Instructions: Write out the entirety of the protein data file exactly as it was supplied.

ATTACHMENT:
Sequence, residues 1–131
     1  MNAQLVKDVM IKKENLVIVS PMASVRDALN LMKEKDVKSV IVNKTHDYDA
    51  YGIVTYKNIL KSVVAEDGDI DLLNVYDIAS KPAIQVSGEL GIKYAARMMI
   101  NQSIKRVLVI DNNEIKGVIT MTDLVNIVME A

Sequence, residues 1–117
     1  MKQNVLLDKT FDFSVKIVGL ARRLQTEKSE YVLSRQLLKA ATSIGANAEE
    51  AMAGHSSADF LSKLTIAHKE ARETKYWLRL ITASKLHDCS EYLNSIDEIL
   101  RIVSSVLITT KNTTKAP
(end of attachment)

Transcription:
Sequence, residues 1–131
     1  MNAQLVKDVM IKKENLVIVS PMASVRDALN LMKEKDVKSV IVNKTHDYDA
    51  YGIVTYKNIL KSVVAEDGDI DLLNVYDIAS KPAIQVSGEL GIKYAARMMI
   101  NQSIKRVLVI DNNEIKGVIT MTDLVNIVME A

Sequence, residues 1–117
     1  MKQNVLLDKT FDFSVKIVGL ARRLQTEKSE YVLSRQLLKA ATSIGANAEE
    51  AMAGHSSADF LSKLTIAHKE ARETKYWLRL ITASKLHDCS EYLNSIDEIL
   101  RIVSSVLITT KNTTKAP